|PEER FEEDBACK (reciprocal peer critiquing)|
|Main departmental proponents: Dr Lorna I. Morrow, Dr Steve W. Draper|
|When academics provide feedback to students on their work, the students have an opportunity for development, in terms of applying what the academic has suggested to current and future coursework, as appropriate. However, asking students to read and provide feedback on each others' work (peer feedback) would seem to provide additional benefits that supplement those from staff feedback. In particular, it would seem that both the student receiving feedback and the student providing feedback benefit from the process.|
Potential benefits to students receiving peer feedback:
- Students receive additional feedback, either before, in addition to, or instead of feedback from staff (if staff members are unable to give feedback, e.g. for summative assessments);
- Feedback received from peers may actually be easier to understand and apply than feedback from staff, since the student assessors will be at roughly the same level of academic development as the students receiving feedback.
Potential benefits to students providing peer feedback:
- In 'wrangling' with the assessment criteria in order to evaluate another's work, the student assessor should obtain a better understanding of what makes a piece of work good or bad;
- after assessing others' work, the students should be better able to apply the same objectivity in evaluating their own work, thus engaging in more effective self-assessment (i.e. considering what the goals should be for their work, to what extent their work meets these goals, and how they can bring their work to the desired level - a valuable and transferable life skill);
- in reading others' work, the students will hopefully become aware that the assessment criteria can be reached through different means (e.g. different structures, different information included, etc.), which should encourage students to focus more on reaching the assessment criteria by any appropriate means, without feeling constrained to any perceived 'rigid mechanics' (e.g., a particular structure, format etc.);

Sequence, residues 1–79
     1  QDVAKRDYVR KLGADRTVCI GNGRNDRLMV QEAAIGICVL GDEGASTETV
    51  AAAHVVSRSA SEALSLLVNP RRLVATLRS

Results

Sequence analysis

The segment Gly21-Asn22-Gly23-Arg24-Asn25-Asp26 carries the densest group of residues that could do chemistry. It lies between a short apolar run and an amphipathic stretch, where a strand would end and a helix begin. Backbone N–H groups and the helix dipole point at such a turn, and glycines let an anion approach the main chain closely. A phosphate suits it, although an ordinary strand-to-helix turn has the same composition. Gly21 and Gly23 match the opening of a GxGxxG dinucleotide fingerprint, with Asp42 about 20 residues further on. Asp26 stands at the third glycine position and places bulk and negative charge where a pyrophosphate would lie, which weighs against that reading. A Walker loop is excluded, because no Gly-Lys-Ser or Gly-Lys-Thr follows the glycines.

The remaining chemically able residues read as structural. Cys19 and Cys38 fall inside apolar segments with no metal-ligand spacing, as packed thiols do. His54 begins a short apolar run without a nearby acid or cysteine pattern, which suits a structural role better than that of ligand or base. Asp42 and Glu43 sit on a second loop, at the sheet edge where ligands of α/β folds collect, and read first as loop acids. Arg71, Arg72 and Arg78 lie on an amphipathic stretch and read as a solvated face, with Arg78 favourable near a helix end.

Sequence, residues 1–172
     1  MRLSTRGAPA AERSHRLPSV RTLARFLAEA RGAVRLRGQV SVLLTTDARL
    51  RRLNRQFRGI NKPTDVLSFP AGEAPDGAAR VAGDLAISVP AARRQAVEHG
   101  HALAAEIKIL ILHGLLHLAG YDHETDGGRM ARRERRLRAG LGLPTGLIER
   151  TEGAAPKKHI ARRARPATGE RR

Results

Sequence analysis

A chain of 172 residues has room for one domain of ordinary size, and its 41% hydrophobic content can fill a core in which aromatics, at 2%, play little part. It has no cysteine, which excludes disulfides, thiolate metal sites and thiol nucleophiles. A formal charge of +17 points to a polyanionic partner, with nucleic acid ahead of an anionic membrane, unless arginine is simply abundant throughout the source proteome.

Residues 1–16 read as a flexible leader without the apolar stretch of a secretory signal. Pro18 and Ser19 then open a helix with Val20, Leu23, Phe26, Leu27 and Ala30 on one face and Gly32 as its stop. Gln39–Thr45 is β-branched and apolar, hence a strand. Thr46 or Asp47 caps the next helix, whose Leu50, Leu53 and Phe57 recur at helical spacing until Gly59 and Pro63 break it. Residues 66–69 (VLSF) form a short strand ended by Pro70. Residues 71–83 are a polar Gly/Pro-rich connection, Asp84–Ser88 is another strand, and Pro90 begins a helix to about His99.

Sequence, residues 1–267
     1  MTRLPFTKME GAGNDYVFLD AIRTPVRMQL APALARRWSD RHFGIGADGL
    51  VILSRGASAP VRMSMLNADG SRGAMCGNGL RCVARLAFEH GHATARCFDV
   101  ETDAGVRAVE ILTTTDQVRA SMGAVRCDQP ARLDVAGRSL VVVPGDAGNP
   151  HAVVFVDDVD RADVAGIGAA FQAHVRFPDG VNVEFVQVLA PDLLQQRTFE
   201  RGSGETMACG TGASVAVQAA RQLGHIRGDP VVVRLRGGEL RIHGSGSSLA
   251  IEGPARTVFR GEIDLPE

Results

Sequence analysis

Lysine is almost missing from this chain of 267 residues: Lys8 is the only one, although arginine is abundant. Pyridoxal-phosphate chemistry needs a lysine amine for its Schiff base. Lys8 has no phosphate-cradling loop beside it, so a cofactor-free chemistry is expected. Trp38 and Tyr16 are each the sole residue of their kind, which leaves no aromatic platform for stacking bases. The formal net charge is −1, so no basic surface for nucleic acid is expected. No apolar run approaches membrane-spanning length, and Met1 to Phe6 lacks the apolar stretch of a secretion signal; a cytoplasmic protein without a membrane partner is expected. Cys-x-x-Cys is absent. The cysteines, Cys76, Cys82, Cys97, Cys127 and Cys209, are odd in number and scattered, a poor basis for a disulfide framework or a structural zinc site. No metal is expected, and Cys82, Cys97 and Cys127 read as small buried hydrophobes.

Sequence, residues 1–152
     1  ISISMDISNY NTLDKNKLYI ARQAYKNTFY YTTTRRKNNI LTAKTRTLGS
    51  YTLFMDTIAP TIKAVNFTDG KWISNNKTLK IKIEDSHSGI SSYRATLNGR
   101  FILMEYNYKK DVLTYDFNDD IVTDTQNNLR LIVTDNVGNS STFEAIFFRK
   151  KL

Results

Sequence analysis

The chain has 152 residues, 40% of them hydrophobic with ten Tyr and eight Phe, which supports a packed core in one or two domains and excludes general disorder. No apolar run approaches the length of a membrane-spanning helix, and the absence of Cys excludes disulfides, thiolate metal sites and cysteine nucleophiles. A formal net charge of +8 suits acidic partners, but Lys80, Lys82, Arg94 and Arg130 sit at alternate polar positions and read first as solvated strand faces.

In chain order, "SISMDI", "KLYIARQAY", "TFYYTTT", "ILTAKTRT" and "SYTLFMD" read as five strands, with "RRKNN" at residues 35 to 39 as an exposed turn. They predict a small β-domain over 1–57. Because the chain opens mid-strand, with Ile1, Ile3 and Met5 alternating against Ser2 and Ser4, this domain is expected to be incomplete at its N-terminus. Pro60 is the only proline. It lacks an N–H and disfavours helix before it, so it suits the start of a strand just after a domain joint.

- peer feedback should encourage students towards independence (or co-dependence on peers, rather than dependence upon the tutor), and autonomous and active learning, whereby students take responsibility for their learning by being sure to find out what they need to know, and not leaving these things to 'chance' or hoping for the best!
- the process of giving feedback would require that the student assessors engage with the content of the work at a deep level, and so this may improve their knowledge of the topic.
|Thus, Level 3 and 4 students are encouraged to engage in peer feedback of their coursework (critical reviews and project reports), in order to take full advantage of these benefits. Initial evaluation of this (see Morrow, 2006) suggests that students found engaging in peer feedback helpful for improving their coursework and their confidence in writing coursework, reported that they were very likely to engage in peer feedback for future coursework assignments, and were of the opinion that peer feedback should be encouraged.|
References, further information and dissemination:
Draper, S. W. (2008). Reciprocal critiquing exercise for tutorials
Draper, S. W. & Morrow, L. I. (2009). Reciprocal peer critiquing reconsidered. Talk presented at the 2nd Annual University of Glasgow Learning and Teaching Conference - 24th April 2009. Available here
Fallows, S. & Chandramohan, B. (2001). Multiple approaches to assessment: reflections on use of tutor, peer and self assessment. Teaching in Higher Education, 6 (2), 229-246.
Morrow, L. I. (2006). An application of peer feedback to undergraduates' writing of critical literature reviews. Practice and Evidence of Scholarship of Teaching and Learning in Higher Education, 1(2), pp 61-72. Available here.
Morrow, L. I. (2006). An application of peer feedback. Talk presented at the Scholarship of Teaching and Learning Symposium, University of Glasgow, 19th September 2006.
Nicol, D. J. & Macfarlane-Dick, D. (2006). Formative assessment and self-regulated learning: A model and seven principles of good feedback practice. Studies in Higher Education, 31 (2), 199-218.
Van den Berg, I., Admiraal, W. & Pilot, A. (2006a). Design principles and outcomes of peer assessment in higher education. Studies in Higher Education, 31 (3), 341-356.